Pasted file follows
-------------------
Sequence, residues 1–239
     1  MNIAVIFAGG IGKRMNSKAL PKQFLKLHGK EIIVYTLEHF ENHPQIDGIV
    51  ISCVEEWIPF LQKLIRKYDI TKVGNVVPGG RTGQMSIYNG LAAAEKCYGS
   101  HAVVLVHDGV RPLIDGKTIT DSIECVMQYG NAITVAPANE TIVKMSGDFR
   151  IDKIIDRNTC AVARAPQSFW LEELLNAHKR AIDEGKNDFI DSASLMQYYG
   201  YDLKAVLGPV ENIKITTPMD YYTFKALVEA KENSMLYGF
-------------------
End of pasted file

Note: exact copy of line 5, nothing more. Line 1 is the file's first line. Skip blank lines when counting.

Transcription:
   151  IDKIIDRNTC AVARAPQSFW LEELLNAHKR AIDEGKNDFI DSASLMQYYG